In feeling into our trauma, mourning and melancholia we again need to honor that these psychosomatic experiences add nuances to the process of forgiveness, and ask us to take more time and offer more love and understanding to ourselves. Again, these are all normal human responses to the types of scenarios that invite forgiveness; honoring your humanity, and the honesty of these states of being, will allow you to meet them in their fullness and to hear what your mind and body are asking you to learn about the moment. Wait. Pause. Breathe. Feel them, and make choices only once you’ve taken time to find balance around these states.
Trauma Studies as a branch of sociological, historical and literary theory arose as an attempt of Jewish scholars to grapple with the aftermath of the Holocaust. Nowadays, the term ‘Trauma Studies’ categorizes a vast expanse of scholars working on the concept of trauma in its many incarnations. Particularly relevant in recent years is the consideration of the intersections between gender, sexuality and trauma, as well as contemporary ‘cultural’ traumas like 9/11.
The below books offer a rough outline of the contemporary landscape of literary and gender-based trauma studies. Importantly, the codification of these various thinkers into a singular coherent field is not necessarily possible. Many of the writers are at odds with each other’s understandings of trauma. Similarly, many of the Jewish understandings of trauma have been adapted into contemporary programs grouped under the title of Holocaust Studies or more broadly Genocide Studies. Examples of this exploration of cultural trauma can be readily found in the journal Holocaust and Genocide Studies published by Oxford Studies.
The below texts grapple with trauma as a concept: what is it? How do we know it when we see it? Where are there examples of it? Is it always personal, or can it be cultural? Is it necessary for certain identities (i.e., is part of being Jewish always experiencing the trauma of the Holocaust; is part of being African American always experiencing the trauma of slavery?). The books tend to be quite ‘theoretical’ because of this, those most base their explorations on specific cultural ‘artifacts’ meaning books, memorials, historical documents, or films. ¹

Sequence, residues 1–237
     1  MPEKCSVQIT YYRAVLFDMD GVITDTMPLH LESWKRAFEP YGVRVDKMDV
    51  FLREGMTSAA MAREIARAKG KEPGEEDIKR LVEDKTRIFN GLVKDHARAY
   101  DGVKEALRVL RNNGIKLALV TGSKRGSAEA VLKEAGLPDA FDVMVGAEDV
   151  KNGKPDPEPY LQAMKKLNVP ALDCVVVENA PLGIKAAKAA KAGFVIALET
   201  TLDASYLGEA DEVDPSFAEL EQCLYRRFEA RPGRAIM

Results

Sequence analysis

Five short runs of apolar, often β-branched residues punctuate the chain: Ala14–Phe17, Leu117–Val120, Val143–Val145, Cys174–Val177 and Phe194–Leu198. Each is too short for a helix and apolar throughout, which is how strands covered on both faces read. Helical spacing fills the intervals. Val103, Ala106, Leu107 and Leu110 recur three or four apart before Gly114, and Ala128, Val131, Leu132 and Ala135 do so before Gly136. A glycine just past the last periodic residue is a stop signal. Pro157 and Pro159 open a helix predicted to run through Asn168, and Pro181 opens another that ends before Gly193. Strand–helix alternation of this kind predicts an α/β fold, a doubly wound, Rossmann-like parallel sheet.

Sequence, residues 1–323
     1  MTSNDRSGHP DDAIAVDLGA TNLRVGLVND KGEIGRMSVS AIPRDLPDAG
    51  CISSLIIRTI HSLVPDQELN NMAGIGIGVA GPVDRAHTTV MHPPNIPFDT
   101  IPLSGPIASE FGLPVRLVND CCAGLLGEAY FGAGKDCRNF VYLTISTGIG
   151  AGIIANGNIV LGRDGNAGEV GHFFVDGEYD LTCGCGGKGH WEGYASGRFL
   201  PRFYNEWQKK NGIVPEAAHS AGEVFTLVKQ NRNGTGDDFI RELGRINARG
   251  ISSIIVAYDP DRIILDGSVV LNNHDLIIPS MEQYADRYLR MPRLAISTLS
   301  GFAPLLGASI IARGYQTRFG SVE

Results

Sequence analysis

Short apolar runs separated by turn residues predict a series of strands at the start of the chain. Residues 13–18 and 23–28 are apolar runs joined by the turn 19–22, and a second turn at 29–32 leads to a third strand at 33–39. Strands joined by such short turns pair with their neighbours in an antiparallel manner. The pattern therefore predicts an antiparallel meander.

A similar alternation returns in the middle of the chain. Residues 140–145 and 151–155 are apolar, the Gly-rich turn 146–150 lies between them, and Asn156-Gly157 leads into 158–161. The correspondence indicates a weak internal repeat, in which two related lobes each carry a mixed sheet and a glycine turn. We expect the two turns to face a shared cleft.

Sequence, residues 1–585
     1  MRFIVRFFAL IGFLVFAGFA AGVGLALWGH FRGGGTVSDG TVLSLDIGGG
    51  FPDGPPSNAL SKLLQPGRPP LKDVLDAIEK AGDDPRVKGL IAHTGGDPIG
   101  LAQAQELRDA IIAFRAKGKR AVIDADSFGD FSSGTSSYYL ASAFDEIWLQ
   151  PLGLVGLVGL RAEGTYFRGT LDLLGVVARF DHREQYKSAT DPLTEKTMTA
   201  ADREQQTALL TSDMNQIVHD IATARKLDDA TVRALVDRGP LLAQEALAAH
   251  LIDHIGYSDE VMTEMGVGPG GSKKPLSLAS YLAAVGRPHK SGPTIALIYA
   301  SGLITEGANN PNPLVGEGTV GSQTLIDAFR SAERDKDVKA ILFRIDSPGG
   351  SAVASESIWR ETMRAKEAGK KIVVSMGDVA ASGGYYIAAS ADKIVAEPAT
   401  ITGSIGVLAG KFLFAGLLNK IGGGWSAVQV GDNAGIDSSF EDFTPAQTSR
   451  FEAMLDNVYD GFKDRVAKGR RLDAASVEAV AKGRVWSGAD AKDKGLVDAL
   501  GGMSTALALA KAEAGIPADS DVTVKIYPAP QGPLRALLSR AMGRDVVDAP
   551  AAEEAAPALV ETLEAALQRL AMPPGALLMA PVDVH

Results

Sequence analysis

Trauma: Explorations in Memory. Ed. Cathy Caruth. (1995)
This collection of essays focuses on the writing/storying of a traumatic event. To this extent, the authors utilize literary analysis in order to inform psychological and psychoanalytic practices with regards to trauma. George Bataille and Shoshana Felman are particularly important thinkers in literary psychoanalysis, especially with regards to memory and mourning. They both set the tone for much research that follows after their essays and books.
Pillar of Salt: Gender, Memory, and the Perils of Looking Back. Janice Haaken. (2000)
A feminist analysis of trauma through the lens of gender and memory again. The titular reference is to the biblical story in which Lot’s wife is turned into a pillar of salt as a punishment for looking back on the destruction of the city of Sodom. After exploring this destructive/punative remembering, Haaken proposes a process of restorying called ‘transformative remembering’.
New Version of Victims: Feminists Struggle with the Concept. Ed. Sharon Lamb. (1999)
Victimhood is a central concept for much of feminist trauma studies. These essays negotiate the meaning of the word ‘victim’ in both literary and legal contexts, with special attention paid to the gendering of victimhood.
Loss: The Politics of Mourning. Ed. David L. Eng. (2002)
Another important collection of essays, this time exploring profound cultural moments of loss and trauma, like the AIDS epidemic or the Vietnam War. In recent years, David Eng has become a profound figure in the field of Postcolonial Studies, meaning the exploration of depictions of race and minority in the contemporary world. He is also a prominent Queer Theorist, and so approaches race at the intersection of sexuality, gender and culture.
An Archive of Feelings: Trauma, Sexuality, and Lesbian Public Cultures. Anne Cvetkovich. (2003)